I honestly hadn’t thought about my uncle much in all that time, which was very sad. Was Uncle Samuel cool? Would he have been fun to spend time with? I had no idea and suddenly wondered what I’d missed out on.



I GOT up in the morning to find Chet crashed out on my sofa and a half bottle of vodka on the coffee table. Obviously Chet had imbibed after I’d gone to bed.

I put the bottle away, leaving Chet alone. Then I hunted for my phone and grabbed the paperwork to retrieve the phone number.

“Charles Laughtner,” a man answered.

“This is Jonah Hughes. I received a letter about an inheritance from my uncle, Samuel James. I wasn’t very sure what time I should call and—”

“It’s no problem at all. I’m glad you received the information,” he said, sounding genuine. “As I said in the letter, you are his primary beneficiary.”

“Why me, Mr. Laughtner?” I asked. “I haven’t seen my uncle in ten years or so, and I don’t know why he would leave everything to me. There have to be people he loved and who were a part of his life.” It was totally confusing for me, and to tell the truth, I hoped Uncle Samuel had had people in his life he was close to. I hated the thought of him spending his life alone.

“Call me Charles, please, and I have a letter that your uncle wrote you, as well as a list of items included in the estate, which include his home and car and money. Over the past few years, I worked with your uncle to simplify his estate as much as possible. I’d like for you to come to Carlisle so we can speak in person. Is that possible?”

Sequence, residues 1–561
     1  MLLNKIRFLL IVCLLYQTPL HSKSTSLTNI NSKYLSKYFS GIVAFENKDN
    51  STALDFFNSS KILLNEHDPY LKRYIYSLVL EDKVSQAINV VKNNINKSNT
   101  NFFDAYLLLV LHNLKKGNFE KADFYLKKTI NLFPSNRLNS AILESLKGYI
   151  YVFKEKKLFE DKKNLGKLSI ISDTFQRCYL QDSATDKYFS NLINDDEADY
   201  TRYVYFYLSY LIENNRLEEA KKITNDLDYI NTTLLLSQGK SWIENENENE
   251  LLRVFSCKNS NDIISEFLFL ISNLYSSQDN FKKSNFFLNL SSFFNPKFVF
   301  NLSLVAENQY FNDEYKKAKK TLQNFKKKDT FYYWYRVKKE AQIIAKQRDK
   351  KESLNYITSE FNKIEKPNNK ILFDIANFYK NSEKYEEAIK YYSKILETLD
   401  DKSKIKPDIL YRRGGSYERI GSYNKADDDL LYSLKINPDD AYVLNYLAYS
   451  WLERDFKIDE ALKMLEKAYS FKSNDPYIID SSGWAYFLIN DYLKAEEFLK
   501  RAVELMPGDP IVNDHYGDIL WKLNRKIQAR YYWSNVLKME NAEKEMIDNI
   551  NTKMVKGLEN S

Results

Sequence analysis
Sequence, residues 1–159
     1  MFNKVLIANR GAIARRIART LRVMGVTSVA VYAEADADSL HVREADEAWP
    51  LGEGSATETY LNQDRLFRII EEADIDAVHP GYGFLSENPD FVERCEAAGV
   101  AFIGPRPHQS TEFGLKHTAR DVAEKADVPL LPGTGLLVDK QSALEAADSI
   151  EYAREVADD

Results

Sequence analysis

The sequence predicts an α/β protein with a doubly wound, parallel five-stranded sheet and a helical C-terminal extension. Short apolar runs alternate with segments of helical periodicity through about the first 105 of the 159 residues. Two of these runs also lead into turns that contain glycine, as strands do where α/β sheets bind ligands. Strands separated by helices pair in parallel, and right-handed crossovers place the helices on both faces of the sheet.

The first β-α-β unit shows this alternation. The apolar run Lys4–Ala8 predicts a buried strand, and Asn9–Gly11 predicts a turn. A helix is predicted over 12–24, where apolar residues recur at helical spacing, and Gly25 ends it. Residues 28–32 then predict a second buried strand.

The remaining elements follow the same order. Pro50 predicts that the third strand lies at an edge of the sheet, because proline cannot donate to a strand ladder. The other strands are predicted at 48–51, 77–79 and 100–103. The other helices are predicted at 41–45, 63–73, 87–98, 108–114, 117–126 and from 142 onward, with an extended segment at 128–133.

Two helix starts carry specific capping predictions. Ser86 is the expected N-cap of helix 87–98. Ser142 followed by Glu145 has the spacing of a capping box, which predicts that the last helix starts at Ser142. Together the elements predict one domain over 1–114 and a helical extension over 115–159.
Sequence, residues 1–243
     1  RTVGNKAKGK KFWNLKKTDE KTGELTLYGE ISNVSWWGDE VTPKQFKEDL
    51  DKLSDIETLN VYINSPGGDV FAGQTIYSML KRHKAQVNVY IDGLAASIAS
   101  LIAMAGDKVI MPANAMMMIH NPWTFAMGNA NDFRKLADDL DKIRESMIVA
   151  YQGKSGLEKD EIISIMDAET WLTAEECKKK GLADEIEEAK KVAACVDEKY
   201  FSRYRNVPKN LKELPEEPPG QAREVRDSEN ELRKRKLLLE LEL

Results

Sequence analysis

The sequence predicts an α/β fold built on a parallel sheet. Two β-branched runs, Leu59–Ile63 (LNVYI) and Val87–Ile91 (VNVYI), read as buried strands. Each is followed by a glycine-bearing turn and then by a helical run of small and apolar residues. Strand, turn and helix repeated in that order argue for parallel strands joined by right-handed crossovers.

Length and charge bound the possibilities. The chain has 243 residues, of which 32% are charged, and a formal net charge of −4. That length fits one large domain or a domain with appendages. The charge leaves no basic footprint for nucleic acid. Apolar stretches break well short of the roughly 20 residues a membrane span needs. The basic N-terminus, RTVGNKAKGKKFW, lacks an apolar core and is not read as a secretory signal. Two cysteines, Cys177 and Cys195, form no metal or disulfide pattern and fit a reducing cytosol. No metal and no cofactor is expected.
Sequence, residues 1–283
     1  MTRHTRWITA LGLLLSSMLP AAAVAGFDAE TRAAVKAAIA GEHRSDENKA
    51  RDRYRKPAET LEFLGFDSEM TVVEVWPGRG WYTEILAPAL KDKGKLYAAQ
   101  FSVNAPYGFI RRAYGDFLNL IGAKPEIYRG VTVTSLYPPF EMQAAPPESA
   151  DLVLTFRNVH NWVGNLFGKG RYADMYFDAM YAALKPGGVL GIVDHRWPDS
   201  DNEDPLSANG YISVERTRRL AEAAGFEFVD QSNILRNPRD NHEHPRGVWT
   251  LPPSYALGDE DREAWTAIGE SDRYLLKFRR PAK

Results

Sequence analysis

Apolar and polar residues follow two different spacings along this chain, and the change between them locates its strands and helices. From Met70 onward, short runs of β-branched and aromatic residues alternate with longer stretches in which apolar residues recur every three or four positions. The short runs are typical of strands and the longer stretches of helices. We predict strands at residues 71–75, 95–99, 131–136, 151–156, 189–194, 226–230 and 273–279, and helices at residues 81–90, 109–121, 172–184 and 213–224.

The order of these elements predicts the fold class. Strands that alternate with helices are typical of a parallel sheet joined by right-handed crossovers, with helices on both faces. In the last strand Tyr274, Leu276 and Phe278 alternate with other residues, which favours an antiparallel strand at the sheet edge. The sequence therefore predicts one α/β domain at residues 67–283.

“I suppose I could rent a car.” I was still overwhelmed and thinking out loud, I guess.

“You’re in New York, right? Just take the train to Harrisburg, and I can arrange to pick you up. Once you’re here, you’ll be able to drive your uncle’s car.” He paused, and papers shuffled in the background. “What sort of work do you do?”

“I’m an actor on Broadway, but I can come tomorrow. The show I was in is closing tonight anyway.” I was at loose ends, so what did it matter if I made a trip to Pennsylvania to check out my inheritance? I could see what it was, make some decisions, sell what I needed to, and come back to New York. Charles said there was some money, so at least I wouldn’t be out anything.

“Very good, then. Call me when you know which train you’ll be on, and I’ll come to meet you at the station. You can plan to stay in your uncle’s house. It’s quite nice.”

“How did he die? Did he have a lot of friends? Was he alone?” I had a ton of questions, and some of them tumbled out.

“Samuel died of a heart attack. His body was immediately cremated, and all arrangements have been made for his memorial service, which is on Monday. As for friends, he was a popular man in town and will be deeply missed by a lot of people,” Charles explained, sounding defensive. “Are you surprised?”

“I’m pleased.” It was a relief to know Uncle Samuel was cared for. “I’ll call you as soon as I make the train arrangements.” I only had the one show to do and then I was free to leave town. “It will probably be later this morning.”

We ended the call, and Chet groaned as he sat up on the sofa.

“God, I am never doing that again.” He rubbed his eyes, and I grabbed him a bottle of cold water. Chet drank it down and stumbled into the bathroom, then returned and gathered his things. “What’s going on?”